With this being said, you get all the standard Woodward items with the book, great details, wonderful he said - she said conversations that really make you feel like a fly on the wall, an easy to follow and well laid out book. The real gems of the book are the details of how the Reagan and Bush Presidencies handled Iran - Contra and what is probably the best record of the last two years of the Clinton scandal Fest and "Monica-gate". This is an interesting book that I really enjoyed. If you like Woodward you will like this book, if you are interested in Iran - Contra or the last two years of the Clinton presidency then this is also a good source of information.
At the same time, there is an air of suspicion about Woodward's sourcing. Who did he talk to to get the quotes he got? For example, on page 360, he recounts a conversation among President Clinton, Bruce Lindsey, and Bob Bennett about an evidentiary ruling by Judge Wright in the Paula Jones matter. Bennett supposedly says, "The key thing is, don't go in and perjure yourself."
Who is Woodward's source for this reporting? The endnotes state "Author's interviews with knowledgeable sources." Other than Clinton, Bennett, and Lindsey, who could be knowledgeable about the conversation? It is highly unlikely that Clinton was the source, and Lindsey and Bennett are both attorneys; for them to disclose the contents of the conversation would breach the attorney-client privilege and would constitute a great ethical lapse.
Yet, the conversation has an authentic feel to it. It sounds right. But Woodward's questionable sourcing, which dates back to "The Final Days," rears its ugly head here. Throughout entire passages that sound like they really happened, the reader is left wondering, How does Woodward know this?
In summary, I wouldn't pay full price for this book, but it is worth a few dollars if you can find it in a remaindered pile or a bargain section.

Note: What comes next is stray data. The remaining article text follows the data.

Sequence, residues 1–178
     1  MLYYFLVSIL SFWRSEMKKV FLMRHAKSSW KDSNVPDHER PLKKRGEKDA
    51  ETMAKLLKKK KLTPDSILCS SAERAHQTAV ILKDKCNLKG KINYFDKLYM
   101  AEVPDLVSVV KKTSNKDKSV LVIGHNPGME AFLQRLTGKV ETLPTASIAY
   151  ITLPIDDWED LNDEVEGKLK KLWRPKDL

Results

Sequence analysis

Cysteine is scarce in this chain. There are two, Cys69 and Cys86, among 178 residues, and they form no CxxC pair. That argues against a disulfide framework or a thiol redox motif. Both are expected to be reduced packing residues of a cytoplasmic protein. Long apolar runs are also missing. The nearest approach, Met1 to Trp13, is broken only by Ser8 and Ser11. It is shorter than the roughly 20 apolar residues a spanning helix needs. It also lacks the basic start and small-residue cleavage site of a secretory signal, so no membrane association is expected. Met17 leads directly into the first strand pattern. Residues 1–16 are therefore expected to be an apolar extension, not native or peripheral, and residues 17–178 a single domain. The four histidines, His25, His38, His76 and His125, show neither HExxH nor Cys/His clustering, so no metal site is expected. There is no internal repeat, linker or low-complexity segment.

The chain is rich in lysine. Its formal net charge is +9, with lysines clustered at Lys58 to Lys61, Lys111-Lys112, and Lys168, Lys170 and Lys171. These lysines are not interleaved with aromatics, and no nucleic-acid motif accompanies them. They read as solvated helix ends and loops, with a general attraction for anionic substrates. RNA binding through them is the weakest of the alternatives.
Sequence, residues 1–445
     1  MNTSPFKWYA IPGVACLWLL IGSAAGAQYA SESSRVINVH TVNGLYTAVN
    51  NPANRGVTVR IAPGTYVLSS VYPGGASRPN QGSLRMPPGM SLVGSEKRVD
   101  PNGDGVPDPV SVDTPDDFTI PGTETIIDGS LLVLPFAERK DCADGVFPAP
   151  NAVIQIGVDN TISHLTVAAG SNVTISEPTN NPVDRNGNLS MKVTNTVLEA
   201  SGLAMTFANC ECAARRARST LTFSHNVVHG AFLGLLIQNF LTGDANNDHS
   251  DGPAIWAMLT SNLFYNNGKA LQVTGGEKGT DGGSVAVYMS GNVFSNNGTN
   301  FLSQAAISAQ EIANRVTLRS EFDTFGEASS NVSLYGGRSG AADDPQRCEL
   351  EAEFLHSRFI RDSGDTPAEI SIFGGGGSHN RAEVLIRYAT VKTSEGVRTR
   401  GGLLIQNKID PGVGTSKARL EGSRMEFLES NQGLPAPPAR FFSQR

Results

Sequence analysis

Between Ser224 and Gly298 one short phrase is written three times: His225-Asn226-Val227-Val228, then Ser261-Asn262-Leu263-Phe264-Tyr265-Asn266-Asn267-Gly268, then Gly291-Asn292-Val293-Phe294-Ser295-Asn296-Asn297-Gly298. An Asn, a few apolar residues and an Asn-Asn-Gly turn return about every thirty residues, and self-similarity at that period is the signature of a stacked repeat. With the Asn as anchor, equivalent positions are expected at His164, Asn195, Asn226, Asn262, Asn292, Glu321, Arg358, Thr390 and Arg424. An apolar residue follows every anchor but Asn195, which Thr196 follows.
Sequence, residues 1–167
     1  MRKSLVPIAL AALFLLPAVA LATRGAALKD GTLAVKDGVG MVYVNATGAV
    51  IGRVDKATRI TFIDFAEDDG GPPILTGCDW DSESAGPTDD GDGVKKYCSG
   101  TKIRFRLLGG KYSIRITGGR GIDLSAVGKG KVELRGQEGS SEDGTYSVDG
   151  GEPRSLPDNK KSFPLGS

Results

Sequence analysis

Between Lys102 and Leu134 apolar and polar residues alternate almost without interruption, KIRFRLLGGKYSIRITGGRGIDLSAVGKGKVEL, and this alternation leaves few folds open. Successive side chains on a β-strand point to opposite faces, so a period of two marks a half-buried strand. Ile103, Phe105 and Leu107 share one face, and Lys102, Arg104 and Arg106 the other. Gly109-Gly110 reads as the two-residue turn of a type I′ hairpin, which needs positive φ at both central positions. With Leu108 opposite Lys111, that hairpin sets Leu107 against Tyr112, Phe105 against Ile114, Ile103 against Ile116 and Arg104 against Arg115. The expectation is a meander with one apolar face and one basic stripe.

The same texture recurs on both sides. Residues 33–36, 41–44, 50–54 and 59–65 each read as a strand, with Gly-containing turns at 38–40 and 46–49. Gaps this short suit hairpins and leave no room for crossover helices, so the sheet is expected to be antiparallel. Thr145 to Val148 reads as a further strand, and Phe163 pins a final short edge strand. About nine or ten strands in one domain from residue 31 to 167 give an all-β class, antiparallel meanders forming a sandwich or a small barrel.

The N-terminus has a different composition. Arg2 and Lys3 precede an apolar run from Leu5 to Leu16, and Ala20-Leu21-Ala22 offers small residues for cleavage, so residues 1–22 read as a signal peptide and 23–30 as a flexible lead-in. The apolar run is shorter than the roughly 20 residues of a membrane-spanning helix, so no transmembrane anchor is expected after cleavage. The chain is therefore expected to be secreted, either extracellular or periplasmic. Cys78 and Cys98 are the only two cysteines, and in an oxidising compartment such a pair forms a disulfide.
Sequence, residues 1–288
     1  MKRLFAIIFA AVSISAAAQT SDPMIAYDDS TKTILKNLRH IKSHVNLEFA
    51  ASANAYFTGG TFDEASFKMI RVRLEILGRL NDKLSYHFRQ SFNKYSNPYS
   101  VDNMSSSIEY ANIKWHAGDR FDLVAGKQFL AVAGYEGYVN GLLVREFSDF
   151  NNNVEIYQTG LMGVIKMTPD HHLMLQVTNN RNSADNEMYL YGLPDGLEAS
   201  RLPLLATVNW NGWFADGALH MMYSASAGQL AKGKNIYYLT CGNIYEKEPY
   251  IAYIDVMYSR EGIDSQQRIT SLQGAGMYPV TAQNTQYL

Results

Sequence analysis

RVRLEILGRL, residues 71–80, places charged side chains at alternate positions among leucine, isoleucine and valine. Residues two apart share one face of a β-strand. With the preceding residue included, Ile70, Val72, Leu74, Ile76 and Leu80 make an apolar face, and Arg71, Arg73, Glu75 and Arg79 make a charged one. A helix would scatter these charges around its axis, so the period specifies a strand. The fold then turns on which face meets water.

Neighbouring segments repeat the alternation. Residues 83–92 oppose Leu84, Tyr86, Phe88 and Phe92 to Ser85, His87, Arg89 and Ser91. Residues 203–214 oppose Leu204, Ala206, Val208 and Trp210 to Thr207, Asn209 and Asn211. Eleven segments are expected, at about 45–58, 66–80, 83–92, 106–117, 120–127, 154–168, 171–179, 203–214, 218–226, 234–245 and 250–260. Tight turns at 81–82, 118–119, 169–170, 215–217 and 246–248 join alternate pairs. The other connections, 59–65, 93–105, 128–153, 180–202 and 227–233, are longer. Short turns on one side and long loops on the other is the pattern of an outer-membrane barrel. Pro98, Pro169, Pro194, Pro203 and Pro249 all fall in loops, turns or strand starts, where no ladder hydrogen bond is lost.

Most Recent Customer Reviews
This is a good book for learning a lot of "back-story" relating to major news events involving these five president. There's a lot of interesting information presented. Read morePublished 7 months ago by VicP
Interesting angle to weave the lens of history through Watergate but way too much on Clinton scandals. Could have sliced out 100 pages and still would have gotten the gist.Published 16 months ago by Matt O.
Bob Woodward is a master of writing books on issues that could be delivered in a boring manner but in his hands, they come off as greatly entertaining. Read morePublished 19 months ago by Peter
Good historical information to compare with media. Wordy, tiresome.Published 22 months ago by Arne Adams
Bob give an insightful look into all Presidents from Nixon-Clinton. Very critical of Gerald Ford as he never went from Congressman - to president. never wanted to be president. Read morePublished on October 6, 2013 by D Donald Snyder
In this book, Bob goes over the details of the problems of 5 presidents following the Watergate scandal and tries to pin a lot of blame for the press's intense scrutiny of any kind... Read morePublished on July 8, 2013 by R. Marten
You'll be amazed how much time and effort and money was used by, especially, the Clinton White House and Ken Star. Good book.Published on March 9, 2013 by Arthur Foulkes
Not so much presidential scandals qua scandals, more crises of presidential credibility, and investigations by independent counsels/special prosecutors in particular. Read morePublished on April 17, 2011 by Caleb Hanson